For The Guardian, I wrote a preview article on Dear Australia, Playwriting Australia’s monologue marathon which runs 2-5 July 2020, and how it speaks to a time of concurrent apocalypses and hunger for rupture.
On Thursday, I’ll be chatting about online and offline communities with Pauline Vetuna and Huna Amweero in a live event hosted by Areej Nur. It’s part of BLEED, a new festival from Arts House and Campbelltown Arts Centre. The talk is via Zoom so you can attend from anywhere in the world but you need to register.
The Virtual Co-presence of the Internet
Thu 2 July 2020
12 noon – 1 pm
live online event – free – booking required
Take a look at the rest of the BLEED program too – there’s a lot of interesting stuff happening. I’m one of the artists in residence for Assembly of the Future there too which I’m pretty pumped for.
Finally it’s launch day!
Underfoot presents four virtual audio tours through Footscray’s past. Liz and I bring an intimate lens to local history as we wander the streets and the archives looking for people like us: queers, migrants, radicals and artists. There are some big conversations about capitalism, nationalism and settler nativism, as well as some finely aged gossip.
Each track comes with a map, transcript, photos and notes so you can either explore these places in real life (observing social distancing!) or just enjoy the stories while staying home. You can even dive into some historical research yourself if you’re so inclined.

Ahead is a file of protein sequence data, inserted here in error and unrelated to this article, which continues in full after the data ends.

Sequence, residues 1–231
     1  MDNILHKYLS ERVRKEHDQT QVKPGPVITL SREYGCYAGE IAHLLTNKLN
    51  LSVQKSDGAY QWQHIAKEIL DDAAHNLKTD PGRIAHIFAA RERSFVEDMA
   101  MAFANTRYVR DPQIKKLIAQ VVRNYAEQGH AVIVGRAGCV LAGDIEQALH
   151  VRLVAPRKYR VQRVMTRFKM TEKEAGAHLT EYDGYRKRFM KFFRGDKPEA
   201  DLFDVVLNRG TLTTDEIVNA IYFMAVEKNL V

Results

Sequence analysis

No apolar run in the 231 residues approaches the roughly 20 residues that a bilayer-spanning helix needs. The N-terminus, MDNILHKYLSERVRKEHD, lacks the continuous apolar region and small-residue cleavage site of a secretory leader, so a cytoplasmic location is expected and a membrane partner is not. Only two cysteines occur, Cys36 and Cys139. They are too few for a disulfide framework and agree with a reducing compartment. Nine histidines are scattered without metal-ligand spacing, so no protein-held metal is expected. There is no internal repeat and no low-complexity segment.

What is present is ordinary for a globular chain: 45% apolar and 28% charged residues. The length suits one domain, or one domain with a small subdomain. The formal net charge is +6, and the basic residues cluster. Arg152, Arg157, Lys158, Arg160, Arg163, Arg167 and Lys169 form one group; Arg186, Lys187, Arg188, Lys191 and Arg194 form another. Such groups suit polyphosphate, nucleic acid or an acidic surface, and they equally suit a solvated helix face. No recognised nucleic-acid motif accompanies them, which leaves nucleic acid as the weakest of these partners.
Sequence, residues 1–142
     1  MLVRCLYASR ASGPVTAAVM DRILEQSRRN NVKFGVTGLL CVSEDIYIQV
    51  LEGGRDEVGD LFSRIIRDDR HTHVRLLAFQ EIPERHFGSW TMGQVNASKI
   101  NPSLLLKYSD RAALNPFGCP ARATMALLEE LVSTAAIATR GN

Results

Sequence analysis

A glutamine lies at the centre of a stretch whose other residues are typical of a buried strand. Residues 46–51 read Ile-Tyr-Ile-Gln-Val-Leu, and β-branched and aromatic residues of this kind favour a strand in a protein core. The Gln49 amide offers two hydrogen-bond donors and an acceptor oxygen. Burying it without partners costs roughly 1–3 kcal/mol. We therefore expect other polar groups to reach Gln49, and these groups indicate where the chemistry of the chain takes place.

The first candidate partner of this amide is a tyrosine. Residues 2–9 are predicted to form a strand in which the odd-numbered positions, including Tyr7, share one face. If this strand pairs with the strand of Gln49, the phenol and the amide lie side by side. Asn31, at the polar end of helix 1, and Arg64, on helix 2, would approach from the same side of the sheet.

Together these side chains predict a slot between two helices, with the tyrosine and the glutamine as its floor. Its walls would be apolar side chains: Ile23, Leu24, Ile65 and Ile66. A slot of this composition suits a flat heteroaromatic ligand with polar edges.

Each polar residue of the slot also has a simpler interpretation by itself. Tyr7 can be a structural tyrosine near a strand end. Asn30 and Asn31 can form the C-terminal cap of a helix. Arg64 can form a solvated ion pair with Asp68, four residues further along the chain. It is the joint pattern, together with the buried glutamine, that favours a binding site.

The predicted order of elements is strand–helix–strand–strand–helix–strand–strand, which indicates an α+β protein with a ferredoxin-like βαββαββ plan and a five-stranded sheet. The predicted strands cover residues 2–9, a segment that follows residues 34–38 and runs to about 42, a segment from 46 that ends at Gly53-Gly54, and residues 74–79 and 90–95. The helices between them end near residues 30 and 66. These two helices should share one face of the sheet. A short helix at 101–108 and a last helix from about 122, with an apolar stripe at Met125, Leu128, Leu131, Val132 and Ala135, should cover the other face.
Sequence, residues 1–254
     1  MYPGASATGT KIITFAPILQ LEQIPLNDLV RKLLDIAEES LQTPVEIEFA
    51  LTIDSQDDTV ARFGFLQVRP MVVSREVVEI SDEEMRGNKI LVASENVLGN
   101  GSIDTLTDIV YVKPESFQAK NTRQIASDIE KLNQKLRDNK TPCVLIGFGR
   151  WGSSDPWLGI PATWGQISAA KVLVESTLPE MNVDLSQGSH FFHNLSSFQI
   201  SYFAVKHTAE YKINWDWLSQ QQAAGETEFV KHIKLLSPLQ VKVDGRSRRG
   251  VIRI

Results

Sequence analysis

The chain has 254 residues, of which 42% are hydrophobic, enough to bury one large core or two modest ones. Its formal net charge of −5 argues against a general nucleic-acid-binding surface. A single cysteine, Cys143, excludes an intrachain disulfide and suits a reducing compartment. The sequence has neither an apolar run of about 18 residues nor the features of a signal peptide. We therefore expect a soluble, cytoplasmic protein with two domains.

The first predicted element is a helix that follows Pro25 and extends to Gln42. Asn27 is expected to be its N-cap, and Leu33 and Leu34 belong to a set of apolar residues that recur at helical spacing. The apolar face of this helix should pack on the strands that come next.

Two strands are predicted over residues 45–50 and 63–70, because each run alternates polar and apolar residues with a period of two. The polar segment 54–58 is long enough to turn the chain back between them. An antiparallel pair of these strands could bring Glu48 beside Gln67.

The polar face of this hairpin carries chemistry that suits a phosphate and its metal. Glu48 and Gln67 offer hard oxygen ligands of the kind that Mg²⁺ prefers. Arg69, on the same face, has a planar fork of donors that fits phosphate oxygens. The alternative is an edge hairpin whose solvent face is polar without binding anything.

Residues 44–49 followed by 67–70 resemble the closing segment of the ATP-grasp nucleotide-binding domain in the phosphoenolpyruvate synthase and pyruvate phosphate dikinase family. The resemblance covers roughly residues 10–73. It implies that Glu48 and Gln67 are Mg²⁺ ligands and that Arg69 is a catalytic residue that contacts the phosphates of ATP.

Here’s a little sex and dating story I wrote for MTV about polyamory in lockdown.
My second playlist for Peril magazine’s You Don’t Sound Asian project explores music from around the Sinosphere: China, Hong Kong, Taiwan and beyond.
“Unlike the pandemic, the playlist doesn’t have a case definition or an epicentre. It’s just an endless filament of sound, the connections between the tracks both tenuous and elemental. It’s as open-ended as Chineseness could be.”
Have a listen – and check out my other playlist, Teacup in a Storm, as well.
In response to the lack of diversity in Australian arts criticism, I recently created a spreadsheet so editors can easily access a wide pool of critics.
It’s not a curated list, so any critic can add themselves via this Google Form and I’ve now also created a second form so editors can add their contact details and pitch guidelines.
You can view the spreadsheet here (the first tab is critics, the second is editors). Go pitch!
I’ve created a spreadsheet of Australian critics in response to the lack of diversity in criticism. You can add yourself via this Google Form.
Hopefully it’s a useful resource for artists, venues, publicists and commissioning editors to access a wider pool of critics. You can view the spreadsheet here. Please share with all your critically-minded mates.
“I do speak Mandarin. But I know when white people say ‘ni hao’ to me in Australia, it’s not intended as hello in Chinese – it’s intended as hello in chink.”
I wrote this article for HuffPost Australia in honour of chef Sarah Tiong’s masterful move in that Triple M interview last week.